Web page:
- Hemodialysis: in-center treatment, with some areas now offering nocturnal treatment
- Home hemodialysis, requiring a well-trained partner to assist with cannulation and ongoing monitoring during the treatment.
Hemodialysis: removes waste products and water directly from the blood. While the person sits in a chair, specialized nurses and technicians insert needles into the person’s artery and vein and the blood is pumped through a filter.
A special solution flows in the opposite direction, picking up urea and other toxins along the way to take them out of the body. Careful monitoring is carried out by the dialysis nurses or technicians and adjustments to bicarbonate, sodium and potassium must be made to keep things in balance.
Characteristics of hemodialysis treatments
- Hemodialysis treatments are usually 3-4 hours, or 6-8 hours in the case of nocturnal hemodialysis, 3-4 times weekly in a clinic or hospital setting.
- Hemodialysis requires more dietary and fluid-intake restrictions since toxins are removed only three times a week or so. Nocturnal hemodialysis requires less fluid and fewer dietary restrictions due to longer filtration time.
- Travel arrangements must be made in advance with a dialysis clinic near the destination and the patient’s records must be transferred by the home dialysis team.
- A reliable ‘access’ to the bloodstream (good veins and arteries) are needed for this treatment option to work. Access options include
- Primary arteriovenous fistula (done surgically by a vascular surgeon)
- Synthetic (man-made) arteriovenous graft
- Cuffed, tunneled catheter known as “permacaths”
Home dialysis uses the same principle as hemodialysis carried out in a clinic, but this is done in the person’s home by a caregiver who has had special, fairly rigorous training. The advantages of home hemodialysis include the following:
- Daily treatments can be shorter in duration.
- The need for difficult fluid restrictions, dietary restrictions, and binders for electrolytes such as phosphorus and potassium may be reduced.
- Treatments of longer duration can sometimes be prescribed every other day for certain patients.
- People on hemodialysis often report feeling better with home hemodialysis than they did on hemodialysis carried out only three times per week.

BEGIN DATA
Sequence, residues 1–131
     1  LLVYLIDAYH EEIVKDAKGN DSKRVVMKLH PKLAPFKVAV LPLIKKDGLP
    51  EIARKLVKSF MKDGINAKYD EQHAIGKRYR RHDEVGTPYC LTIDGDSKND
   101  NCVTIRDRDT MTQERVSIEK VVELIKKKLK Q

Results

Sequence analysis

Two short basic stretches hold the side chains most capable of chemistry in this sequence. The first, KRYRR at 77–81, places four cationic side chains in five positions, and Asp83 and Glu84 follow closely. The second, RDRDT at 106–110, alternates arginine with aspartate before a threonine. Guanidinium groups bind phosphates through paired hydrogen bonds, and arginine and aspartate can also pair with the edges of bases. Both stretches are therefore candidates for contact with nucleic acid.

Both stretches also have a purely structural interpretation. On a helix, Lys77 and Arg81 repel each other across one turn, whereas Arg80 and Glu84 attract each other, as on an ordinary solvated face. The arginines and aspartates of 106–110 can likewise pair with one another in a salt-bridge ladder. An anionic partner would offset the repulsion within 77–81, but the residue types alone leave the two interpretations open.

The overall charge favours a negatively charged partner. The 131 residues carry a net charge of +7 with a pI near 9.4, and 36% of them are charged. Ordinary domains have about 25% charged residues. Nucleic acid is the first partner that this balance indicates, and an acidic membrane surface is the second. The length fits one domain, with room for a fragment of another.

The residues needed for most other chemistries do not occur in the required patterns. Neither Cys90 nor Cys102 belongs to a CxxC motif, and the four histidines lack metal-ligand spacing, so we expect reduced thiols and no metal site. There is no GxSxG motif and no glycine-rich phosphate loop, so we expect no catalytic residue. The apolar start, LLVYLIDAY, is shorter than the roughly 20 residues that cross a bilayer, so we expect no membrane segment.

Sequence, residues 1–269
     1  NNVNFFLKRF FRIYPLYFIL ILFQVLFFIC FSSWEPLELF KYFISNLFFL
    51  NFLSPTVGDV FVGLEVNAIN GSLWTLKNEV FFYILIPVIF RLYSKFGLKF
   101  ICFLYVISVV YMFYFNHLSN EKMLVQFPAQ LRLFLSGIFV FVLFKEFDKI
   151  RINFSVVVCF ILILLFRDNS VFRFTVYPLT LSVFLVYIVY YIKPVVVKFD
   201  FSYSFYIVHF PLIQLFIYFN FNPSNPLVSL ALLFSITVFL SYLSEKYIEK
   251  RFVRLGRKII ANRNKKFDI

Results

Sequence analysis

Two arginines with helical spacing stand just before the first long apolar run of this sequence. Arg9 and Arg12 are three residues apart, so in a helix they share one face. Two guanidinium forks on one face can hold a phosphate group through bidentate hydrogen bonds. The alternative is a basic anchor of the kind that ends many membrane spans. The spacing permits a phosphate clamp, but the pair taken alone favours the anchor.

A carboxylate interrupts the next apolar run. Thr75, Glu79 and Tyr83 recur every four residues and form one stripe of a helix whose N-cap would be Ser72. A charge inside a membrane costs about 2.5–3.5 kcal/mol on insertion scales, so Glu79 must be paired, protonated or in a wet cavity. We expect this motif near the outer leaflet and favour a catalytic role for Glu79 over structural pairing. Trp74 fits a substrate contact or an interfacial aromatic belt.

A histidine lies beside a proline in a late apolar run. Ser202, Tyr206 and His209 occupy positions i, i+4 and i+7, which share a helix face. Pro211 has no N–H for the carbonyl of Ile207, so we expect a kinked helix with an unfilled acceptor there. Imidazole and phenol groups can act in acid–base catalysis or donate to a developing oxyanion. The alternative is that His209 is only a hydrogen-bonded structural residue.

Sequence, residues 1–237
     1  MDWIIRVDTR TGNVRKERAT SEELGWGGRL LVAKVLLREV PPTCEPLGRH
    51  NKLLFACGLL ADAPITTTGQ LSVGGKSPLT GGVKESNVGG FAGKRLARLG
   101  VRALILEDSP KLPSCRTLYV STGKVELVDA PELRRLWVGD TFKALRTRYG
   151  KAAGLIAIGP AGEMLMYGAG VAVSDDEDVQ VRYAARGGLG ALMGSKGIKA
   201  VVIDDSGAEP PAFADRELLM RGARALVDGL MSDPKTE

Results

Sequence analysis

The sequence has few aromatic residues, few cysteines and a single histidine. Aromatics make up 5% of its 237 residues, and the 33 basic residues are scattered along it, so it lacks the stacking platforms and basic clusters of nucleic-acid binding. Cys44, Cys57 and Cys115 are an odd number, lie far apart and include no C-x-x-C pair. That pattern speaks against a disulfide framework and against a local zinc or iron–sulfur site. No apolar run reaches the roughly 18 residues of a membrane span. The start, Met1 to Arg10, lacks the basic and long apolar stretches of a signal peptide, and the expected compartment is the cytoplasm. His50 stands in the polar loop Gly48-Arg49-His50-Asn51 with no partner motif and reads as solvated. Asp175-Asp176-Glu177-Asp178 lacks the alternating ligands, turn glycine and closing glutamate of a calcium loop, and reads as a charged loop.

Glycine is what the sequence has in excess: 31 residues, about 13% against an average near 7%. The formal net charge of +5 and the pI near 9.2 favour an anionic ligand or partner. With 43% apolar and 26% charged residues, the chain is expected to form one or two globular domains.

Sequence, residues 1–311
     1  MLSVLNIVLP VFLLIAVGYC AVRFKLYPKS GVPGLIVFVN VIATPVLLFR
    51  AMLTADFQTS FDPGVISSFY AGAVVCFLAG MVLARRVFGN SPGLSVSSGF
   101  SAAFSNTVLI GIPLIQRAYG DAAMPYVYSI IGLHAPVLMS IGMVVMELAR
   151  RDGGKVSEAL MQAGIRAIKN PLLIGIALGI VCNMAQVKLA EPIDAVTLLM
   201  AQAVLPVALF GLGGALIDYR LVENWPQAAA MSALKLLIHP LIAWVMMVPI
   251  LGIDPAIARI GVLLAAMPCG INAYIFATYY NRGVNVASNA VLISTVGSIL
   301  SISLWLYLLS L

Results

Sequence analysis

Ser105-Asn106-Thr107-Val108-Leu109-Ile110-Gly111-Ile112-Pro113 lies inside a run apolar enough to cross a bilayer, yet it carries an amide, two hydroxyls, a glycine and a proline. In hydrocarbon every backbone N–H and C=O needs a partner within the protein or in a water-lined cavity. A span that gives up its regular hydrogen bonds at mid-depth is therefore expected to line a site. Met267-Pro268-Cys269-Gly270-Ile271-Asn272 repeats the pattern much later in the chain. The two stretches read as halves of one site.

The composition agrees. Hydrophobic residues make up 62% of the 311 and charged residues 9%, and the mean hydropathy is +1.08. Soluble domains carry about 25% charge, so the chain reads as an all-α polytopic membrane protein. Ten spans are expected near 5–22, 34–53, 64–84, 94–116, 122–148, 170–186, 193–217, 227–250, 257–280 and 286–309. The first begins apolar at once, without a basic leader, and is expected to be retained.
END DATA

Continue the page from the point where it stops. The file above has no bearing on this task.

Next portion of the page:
- The hope for home hemodialyis is that overall health outcomes will be improved, though this is a fairly new treatment option with limited experience and data.
It is important to note that while home hemodialysis eliminates the need to travel to a clinic three times weekly, the primary responsibility for the person with CKD lies squarely in the hands of the caregiver. In the event of an emergency, professionals are available by phone to assist.
- Continuous ambulatory peritoneal dialysis (CAPD)
- Continuous cycling peritoneal dialysis (CCPD)
Peritoneal Dialysis (PD) works by a different principle to remove toxins from the body. It uses the body’s natural filtering system—the abdominal (belly) lining called the peritoneal membrane. This membrane surrounds the peritoneal cavity which houses the stomach, spleen, liver and intestines. Fluid is drained into the peritoneal cavity through a catheter and the fluid draws toxins from the blood through small capillaries and across the peritoneal membrane into the dialysate (the dialysis solution). This fluid is changed periodically (called an ‘exchange’) so that toxins can be drawn out of the body and into the solution all day long. Blood is not leaving your body and no needles are involved. PD is performed every day.
This treatment modality is often tolerated better by elderly people with CKD than hemodialysis. However, setting up the treatment requires a good eye and a steady hand, so a caregiver may be needed for an elderly person on PD.
Peritoneal Dialysis Options
- Continuous Ambulatory Peritoneal Dialysis (CAPD) is carried out several times a day using a gravity system and minimal equipment
- Continuous Cycling Peritoneal Dialysis (CCPD) is carried out every night using an automated pumping machine.
- PD can be performed in any clean room whether the person is home or away.
- Since PD is performed daily, dietary and fluid restrictions are usually less rigid than with hemodialysis.
- Travel is easier since dialysis fluids can be sent ahead to most destinations worldwide.
- PD requires the insertion of a cuffed, tunneled catheter to be placed into the person’s peritoneal cavity. The catheter can be used after one or two weeks of healing time.
Peritoneal Dialysis has three stages: drain, fill, and dwell. Once the dialysate along with waste products is drained out of the patient, fresh dialysate flows into the peritoneal cavity (fill). The dialysate solution remains in the person for several hours (dwell) to give the body’s natural filtering system—the peritoneal membrane—time to draw toxins from the blood. Then the fluid is drained out and the cycle continues.
Looking for a Dialysis Center?
The KFCP service area includes more than 50 dialysis centers. Find the one that’s closest to you today.